I noticed in a lot of your work you have the stop motion animation-style and then you also have a collage-style in there too. Where does the collage aspect come from?
AM: I reckon it must be something of growing up and the children’s television that had that style back in the day, and early music videos. I don’t’ feel like I’m technically that savvy when it comes to computers; doing the stop motion seems like a really obvious choice to me, you have something sitting there, you take a photo and then move it and keep doing that until it’s animated and alive. I thought, I can do that. It may seem like a long painful process but it’s doable. It’s an easy process that makes sense in my head. It’s probably a reaction to not feeling technically savvy with software. I use it a lot and I’m probably more adept at using it and animation techniques and computers now then when I started doing stop motion. I think there’s a lot of charm in it though and that’s why I keep going back to it. I like when things aren’t quite perfect, that’s where all the charm lies; things being off, things being handmade, things being human-made, errors, jumps and flickers—that’s where all the magic lies. I always make it feel like I’m doing something new and different, even if it might seem minor in the end product; little steps forward so I feel like I’m evolving. I need to keep things interesting for myself.
Did you have any formal training or education in visual arts or film?
AM: I went to RMIT and did a two-year course of film and television, that was in 2009 when I first moved to Melbourne. Before that, in high school I did stop motion for my Year 12 project, it was all claymation stuff. I would have learnt stuff at RMIT, perhaps more how to use [Adobe] After Effects and programs like that. At the same time, I think what I initially learnt was through trial and error and skate videos. I would have made four or five skate videos with my friends, filming and editing it. And using my dad’s 8mm camera and learning to use that as well. A lot of learning has been through just trying to make stuff. It’s hard to say though, because when I went to RMIT I had just moved to Melbourne, and I was like, oh I live in Melbourne now and I’m out of my parents’ house so I can do whatever I want! I don’t have to go to school if I don’t want to. I definitely learnt stuff at RMIT but most stuff I’ve learnt on my own.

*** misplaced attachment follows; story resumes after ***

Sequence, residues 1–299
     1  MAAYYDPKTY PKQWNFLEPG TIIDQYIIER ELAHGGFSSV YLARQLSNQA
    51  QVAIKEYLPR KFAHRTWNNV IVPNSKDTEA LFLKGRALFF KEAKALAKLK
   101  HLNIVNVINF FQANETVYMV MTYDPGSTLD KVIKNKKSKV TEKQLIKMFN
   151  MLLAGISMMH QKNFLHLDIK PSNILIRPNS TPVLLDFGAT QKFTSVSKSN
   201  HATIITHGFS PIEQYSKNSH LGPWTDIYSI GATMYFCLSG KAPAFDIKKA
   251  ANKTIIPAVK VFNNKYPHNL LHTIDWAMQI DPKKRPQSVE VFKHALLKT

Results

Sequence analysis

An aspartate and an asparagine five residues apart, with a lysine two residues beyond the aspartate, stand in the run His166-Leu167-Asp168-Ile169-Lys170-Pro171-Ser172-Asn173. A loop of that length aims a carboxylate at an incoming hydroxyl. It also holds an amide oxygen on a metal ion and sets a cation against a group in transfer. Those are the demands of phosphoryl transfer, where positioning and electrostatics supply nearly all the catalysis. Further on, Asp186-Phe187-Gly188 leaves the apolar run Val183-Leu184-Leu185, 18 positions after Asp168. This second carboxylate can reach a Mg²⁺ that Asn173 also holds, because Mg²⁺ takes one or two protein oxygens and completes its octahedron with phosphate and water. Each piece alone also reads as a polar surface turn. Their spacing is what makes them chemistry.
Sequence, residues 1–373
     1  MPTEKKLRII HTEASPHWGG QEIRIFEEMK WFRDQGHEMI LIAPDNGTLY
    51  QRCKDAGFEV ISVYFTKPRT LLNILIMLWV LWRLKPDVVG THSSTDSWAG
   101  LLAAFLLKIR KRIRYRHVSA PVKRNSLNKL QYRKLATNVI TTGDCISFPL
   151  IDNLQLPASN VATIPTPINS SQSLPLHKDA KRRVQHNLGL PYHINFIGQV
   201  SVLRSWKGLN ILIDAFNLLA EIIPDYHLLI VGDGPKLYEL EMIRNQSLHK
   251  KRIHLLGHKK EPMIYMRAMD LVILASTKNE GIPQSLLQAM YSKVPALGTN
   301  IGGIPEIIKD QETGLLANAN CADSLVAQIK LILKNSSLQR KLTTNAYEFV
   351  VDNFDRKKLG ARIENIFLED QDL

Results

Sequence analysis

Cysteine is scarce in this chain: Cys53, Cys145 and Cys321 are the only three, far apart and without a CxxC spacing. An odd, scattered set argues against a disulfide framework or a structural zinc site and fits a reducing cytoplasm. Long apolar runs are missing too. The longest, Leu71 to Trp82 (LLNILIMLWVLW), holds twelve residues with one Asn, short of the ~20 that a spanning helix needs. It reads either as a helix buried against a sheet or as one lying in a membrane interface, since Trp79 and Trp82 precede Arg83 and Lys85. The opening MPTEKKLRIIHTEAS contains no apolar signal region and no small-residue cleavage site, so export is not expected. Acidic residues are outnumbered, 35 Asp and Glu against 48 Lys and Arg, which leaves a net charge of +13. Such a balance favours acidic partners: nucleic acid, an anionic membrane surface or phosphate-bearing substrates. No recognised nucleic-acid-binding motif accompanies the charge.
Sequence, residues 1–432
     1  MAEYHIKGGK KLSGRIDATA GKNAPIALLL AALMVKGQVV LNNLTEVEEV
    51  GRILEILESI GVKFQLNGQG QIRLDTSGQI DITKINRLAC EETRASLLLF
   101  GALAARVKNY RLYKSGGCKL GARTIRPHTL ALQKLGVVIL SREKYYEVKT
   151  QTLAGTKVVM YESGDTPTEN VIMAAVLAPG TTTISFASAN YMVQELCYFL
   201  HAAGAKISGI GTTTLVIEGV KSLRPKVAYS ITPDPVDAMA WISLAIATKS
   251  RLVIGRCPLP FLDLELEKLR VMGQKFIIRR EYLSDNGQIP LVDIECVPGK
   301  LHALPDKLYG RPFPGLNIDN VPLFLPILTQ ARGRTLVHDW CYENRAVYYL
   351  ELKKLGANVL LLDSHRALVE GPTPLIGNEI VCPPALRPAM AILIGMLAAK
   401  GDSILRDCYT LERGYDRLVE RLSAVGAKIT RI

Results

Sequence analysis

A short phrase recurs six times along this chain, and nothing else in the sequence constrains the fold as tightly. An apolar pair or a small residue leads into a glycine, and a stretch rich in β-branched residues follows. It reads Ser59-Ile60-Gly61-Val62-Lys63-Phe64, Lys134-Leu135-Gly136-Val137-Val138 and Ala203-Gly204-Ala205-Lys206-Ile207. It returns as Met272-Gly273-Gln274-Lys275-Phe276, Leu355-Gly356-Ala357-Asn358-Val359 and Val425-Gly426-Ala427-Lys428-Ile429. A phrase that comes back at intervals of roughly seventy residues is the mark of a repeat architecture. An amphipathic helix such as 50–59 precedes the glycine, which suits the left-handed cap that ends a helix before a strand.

A few years ago, I went back to study. I did a three-year Bachelor of Photography at Photography Studies College in Melbourne. I work in video production (corporate videos and market reports) that pays the bills and video clips I just do in my own time. Working in corporate video production got a bit dry and boring, my partner at the time went and studied photography; I saw what she was doing and heard about the teachers. It made me really want to go back and study photography. Even more so just for myself, not as a move to start a business in photography or anything like that. I thought it would be great to go back and learn as a mature student; I was twenty-seven at the time. It got me thinking of the history of photography, images and what they mean and represent, the eras they’re from, what they’re saying politically, as a response to what was happening in that time. That stuff made me think differently about visuals. Beforehand it was more about what looks cool and interesting and compliments the sound. It gave me more of an appreciation of the thought process behind what images I’m using and how they might communicate ideas.
I’ve always been a more learning through doing person as well. I think doing things that way helps you to develop your own style. Often when people go study, they lose that creative spark or that uniqueness in their work, it gets learned out of them and people start making stuff that’s all the same. Coming from punk and skateboarding, that world is very DIY. With all the art for Gimmie, that’s all handmade inspired by my background in making zines and love of punk art. If you look closely at some of the art you can see the corner of my art desk in the image or some imperfection. I like that you can see it’s physical as opposed to digital, it’s handmade.